The tournament charity of UEFA EURO 2012, The Centre for Access to Football in Europe (CAFE), has received vital funds from UEFA to continue its work in promoting and delivering inclusive football stadiums in Poland and Ukraine whilst ensuring those who face physical, sensory and intellectual barriers can access the game.

UEFA’s EURO 2012 Charity Ticket Sales Programme enabled supporters to purchase high quality seats for various matches at EURO 2012 via a special charity auction, with all monies raised beyond the face value of the ticket donated to CAFE.  The programme proved to be hugely successful with some seats attracting bids of ten times the face value, resulting in a total of €175k for CAFE.

In addition, CAFE has received €360k to carry out work in Poland and Ukraine under the umbrella of the UEFA EURO 2012 Respect Inclusion initiative.  The initiative, which is part of UEFA’s wider RESPECT campaign, aims to help ensure that disabled supporters attending UEFA EURO 2012 can enjoy the tournament through full access to sports facilities and public spaces.

Joyce Cook OBE, Managing Director of CAFE comments: 

“It’s the most amazing news to hear about the amount raised through the charity ticket auction and to learn that some people had bid as much as 10 times the face value for tickets for our charity project. People really do care about inclusion and improving access for disabled fans and that’s encouraging to know.”

UEFA has also announced that it will donate €3k to CAFE for every goal scored in the UEFA EURO 2012 tournament and football followers and other benefactors are being encouraged to also donate for upcoming schemes. Donations can be made online or by post and details can be found at

The funds raised will be invested in various local projects and initiatives in Poland and Ukraine after the tournament to continue the work already undertaken to improve access for disabled fans under the umbrella of the UEFA EURO 2012 Respect Inclusion project. These will include the setting up of audio-descriptive commentary services during matches for blind and partially-sighted supporters and workshops for clubs and stadiums to help to raise access standards and by sharing good practice examples. Additionally, small grants will be made available to local disability groups to assist the setting up of a disabled fans' network at club and national level and to implement awareness initiatives aiming to improve access for disabled fans.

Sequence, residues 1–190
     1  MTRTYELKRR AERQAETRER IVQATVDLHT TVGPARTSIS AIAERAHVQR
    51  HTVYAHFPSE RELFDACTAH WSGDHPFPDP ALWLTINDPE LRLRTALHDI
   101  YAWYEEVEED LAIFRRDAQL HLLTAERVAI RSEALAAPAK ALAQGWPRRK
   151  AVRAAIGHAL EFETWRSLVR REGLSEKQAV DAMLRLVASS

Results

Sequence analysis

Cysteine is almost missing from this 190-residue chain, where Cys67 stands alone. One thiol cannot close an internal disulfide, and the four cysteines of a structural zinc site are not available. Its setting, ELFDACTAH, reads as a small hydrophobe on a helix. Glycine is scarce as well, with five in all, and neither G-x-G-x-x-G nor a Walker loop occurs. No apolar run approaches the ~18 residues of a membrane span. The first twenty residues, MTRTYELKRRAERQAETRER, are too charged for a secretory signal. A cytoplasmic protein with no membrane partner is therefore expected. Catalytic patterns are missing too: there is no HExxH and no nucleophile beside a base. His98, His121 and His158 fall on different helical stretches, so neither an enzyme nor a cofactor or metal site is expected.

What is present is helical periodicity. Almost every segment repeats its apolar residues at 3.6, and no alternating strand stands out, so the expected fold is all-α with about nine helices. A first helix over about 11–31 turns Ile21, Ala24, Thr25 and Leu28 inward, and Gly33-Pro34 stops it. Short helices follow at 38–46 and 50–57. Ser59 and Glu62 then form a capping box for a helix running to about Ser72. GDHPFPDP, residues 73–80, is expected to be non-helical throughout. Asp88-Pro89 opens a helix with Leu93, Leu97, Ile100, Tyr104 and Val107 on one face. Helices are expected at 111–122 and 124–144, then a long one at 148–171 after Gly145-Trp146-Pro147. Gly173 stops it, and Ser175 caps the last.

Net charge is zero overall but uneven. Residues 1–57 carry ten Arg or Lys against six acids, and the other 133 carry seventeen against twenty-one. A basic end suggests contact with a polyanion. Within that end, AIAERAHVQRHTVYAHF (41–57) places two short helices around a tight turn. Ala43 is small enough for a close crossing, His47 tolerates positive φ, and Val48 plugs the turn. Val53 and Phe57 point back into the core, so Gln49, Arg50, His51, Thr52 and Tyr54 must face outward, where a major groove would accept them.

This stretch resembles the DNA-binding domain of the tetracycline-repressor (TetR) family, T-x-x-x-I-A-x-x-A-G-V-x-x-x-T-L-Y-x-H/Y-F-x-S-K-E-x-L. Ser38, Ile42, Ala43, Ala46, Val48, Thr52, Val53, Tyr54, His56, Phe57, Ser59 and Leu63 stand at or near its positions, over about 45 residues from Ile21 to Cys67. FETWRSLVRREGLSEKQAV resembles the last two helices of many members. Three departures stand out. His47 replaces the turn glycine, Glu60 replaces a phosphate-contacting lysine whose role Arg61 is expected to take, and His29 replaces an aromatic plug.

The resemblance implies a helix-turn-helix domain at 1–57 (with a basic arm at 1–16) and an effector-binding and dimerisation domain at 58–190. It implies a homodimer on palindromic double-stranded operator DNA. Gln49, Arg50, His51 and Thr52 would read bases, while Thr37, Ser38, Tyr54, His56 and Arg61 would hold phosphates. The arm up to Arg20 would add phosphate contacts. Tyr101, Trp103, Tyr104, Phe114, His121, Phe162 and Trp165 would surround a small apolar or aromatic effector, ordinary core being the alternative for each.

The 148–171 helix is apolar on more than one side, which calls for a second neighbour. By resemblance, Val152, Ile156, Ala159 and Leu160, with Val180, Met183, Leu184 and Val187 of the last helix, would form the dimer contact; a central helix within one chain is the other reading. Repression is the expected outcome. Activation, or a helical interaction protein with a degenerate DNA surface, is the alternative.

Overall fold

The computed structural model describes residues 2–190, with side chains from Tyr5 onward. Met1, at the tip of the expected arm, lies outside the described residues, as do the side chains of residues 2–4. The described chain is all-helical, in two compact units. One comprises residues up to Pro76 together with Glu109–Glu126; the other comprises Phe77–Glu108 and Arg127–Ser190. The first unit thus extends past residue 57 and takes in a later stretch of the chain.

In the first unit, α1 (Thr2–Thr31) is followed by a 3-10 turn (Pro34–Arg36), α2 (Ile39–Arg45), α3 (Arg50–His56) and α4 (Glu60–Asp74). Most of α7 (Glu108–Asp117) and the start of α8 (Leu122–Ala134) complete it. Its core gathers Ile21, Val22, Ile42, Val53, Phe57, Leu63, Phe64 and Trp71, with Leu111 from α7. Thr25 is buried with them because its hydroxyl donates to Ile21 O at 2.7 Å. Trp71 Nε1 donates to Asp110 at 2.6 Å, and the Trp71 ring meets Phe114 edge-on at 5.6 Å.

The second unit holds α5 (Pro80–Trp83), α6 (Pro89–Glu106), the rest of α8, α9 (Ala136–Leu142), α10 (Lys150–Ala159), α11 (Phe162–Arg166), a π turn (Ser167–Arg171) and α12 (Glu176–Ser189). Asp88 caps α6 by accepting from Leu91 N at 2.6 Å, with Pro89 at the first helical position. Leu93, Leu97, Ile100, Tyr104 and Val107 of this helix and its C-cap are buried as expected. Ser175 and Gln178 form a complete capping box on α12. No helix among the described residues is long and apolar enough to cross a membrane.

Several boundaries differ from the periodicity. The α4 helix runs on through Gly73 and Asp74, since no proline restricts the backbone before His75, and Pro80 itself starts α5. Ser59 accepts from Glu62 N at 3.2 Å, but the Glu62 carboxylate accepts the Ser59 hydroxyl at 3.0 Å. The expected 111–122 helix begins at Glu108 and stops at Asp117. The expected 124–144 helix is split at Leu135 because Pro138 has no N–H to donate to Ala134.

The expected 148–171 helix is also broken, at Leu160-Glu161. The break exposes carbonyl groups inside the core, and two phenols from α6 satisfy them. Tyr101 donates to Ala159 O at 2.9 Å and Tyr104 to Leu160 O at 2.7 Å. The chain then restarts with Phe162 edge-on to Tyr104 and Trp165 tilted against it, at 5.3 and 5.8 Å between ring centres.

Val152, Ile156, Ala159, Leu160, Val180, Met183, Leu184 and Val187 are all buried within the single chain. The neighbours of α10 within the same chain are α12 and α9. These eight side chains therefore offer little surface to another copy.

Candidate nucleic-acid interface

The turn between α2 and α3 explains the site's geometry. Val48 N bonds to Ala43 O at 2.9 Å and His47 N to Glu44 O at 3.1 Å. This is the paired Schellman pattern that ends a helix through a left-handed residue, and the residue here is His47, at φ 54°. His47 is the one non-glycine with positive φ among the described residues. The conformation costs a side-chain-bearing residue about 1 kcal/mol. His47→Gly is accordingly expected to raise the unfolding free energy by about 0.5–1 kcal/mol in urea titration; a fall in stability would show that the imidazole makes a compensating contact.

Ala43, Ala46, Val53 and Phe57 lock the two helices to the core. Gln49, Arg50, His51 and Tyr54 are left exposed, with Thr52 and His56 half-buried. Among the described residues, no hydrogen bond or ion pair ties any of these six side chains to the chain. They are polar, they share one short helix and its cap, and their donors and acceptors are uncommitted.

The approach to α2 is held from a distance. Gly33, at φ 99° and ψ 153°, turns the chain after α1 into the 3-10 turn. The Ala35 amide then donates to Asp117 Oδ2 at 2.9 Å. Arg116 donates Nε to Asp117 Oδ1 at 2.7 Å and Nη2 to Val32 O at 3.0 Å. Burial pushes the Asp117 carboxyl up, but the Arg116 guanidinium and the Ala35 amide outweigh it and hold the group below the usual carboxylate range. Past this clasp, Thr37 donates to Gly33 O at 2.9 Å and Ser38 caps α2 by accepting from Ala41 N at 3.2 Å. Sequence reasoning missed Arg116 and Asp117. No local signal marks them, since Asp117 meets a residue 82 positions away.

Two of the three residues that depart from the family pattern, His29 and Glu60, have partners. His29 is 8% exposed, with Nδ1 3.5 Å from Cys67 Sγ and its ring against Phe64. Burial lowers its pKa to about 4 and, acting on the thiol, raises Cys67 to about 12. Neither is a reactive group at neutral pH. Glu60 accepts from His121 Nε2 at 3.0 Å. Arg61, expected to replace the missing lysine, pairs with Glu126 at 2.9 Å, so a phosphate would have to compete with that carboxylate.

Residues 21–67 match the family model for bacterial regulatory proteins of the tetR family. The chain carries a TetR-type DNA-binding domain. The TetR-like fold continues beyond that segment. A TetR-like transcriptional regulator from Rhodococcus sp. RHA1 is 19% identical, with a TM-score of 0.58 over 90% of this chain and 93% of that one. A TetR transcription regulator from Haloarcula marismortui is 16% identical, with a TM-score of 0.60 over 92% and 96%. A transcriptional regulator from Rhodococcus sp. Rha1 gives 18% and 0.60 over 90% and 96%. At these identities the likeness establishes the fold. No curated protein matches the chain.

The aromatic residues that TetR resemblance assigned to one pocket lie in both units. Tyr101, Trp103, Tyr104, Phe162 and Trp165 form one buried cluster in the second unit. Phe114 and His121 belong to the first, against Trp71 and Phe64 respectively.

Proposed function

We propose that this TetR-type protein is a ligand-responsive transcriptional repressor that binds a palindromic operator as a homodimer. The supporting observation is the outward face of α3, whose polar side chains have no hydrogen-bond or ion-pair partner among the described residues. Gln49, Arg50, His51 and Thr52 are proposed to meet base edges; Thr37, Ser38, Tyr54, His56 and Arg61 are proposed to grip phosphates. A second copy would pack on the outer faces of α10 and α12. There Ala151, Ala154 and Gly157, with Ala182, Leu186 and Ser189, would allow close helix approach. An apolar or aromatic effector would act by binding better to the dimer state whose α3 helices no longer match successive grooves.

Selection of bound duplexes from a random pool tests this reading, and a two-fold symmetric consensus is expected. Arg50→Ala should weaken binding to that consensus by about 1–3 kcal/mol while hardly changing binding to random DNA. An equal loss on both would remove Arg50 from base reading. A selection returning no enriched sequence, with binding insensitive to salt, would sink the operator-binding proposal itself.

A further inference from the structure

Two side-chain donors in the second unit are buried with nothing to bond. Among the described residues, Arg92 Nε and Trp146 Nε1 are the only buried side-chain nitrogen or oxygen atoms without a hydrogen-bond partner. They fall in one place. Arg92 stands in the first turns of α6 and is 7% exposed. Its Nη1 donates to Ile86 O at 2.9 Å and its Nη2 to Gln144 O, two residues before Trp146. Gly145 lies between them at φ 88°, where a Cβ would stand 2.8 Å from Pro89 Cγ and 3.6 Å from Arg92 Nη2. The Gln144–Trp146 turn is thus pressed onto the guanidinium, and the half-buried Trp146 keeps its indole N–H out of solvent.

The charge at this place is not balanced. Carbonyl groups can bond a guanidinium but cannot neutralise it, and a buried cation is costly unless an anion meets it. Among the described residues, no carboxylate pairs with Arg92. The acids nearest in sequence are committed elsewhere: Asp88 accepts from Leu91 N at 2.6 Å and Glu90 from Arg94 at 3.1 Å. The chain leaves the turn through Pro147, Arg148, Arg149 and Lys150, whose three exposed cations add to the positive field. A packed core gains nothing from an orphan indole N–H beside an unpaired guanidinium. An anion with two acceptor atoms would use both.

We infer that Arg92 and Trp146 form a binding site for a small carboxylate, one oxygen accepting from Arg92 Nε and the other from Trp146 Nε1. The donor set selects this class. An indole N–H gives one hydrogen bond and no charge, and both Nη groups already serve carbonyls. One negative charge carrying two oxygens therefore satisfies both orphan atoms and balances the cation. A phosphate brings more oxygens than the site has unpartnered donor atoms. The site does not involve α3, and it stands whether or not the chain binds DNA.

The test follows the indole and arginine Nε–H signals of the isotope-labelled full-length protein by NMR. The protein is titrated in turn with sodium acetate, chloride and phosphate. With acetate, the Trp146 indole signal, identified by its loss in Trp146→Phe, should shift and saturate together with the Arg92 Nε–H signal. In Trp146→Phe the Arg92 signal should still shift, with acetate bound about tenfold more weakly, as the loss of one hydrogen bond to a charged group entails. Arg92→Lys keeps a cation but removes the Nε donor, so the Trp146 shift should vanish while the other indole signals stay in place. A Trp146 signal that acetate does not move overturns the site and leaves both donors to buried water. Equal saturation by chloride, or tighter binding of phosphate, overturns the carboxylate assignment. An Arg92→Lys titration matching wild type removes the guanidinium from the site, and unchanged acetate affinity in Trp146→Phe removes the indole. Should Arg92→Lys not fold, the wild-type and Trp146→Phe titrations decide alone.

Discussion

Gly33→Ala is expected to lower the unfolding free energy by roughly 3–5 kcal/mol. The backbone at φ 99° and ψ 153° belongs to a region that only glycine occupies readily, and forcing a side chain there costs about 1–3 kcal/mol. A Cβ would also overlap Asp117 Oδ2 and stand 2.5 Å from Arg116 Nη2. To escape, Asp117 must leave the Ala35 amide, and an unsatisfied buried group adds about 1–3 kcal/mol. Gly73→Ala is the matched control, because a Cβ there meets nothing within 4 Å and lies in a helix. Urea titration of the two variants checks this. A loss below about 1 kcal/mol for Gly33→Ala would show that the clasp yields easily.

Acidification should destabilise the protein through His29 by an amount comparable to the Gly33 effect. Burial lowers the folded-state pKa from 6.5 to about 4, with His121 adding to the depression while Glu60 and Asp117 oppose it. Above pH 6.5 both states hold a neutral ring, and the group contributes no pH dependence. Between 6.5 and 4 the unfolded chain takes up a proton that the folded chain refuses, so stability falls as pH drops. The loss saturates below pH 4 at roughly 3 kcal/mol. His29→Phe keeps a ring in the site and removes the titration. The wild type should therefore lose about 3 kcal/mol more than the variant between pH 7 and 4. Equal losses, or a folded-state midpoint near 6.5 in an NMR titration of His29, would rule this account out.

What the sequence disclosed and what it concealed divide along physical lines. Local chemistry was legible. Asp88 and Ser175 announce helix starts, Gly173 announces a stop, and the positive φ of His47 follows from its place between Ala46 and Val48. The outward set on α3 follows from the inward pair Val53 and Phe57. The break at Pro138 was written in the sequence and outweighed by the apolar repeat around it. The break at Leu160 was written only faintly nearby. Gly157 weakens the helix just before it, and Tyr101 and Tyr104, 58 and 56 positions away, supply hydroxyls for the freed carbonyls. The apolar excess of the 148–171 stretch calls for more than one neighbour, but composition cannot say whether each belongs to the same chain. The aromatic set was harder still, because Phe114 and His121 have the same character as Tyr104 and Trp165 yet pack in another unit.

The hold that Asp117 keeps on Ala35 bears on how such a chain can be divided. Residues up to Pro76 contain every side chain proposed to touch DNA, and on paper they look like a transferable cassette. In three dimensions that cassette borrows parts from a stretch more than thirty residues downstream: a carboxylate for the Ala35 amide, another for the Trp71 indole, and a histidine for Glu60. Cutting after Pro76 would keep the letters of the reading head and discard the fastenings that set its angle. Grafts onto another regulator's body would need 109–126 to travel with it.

Joyce added:

“We’re already making a difference with the UEFA EURO 2012 Respect inclusion project - the social and access changes we’ve been able to influence so far in both countries have been ground-breaking but we still have more to do!”

UEFA partnered with UK based charity CAFE to ensure disabled supporters enjoy full access to sports facilities and public spaces during UEFA EURO 2012.  The work on improving accessibility for disabled people will extend beyond the tournament to ensure a long lasting legacy in Poland and Ukraine.

For further information about CAFE please visit and

A version of this article is also available in Ukrainian and Polish.

Published 11/06/2012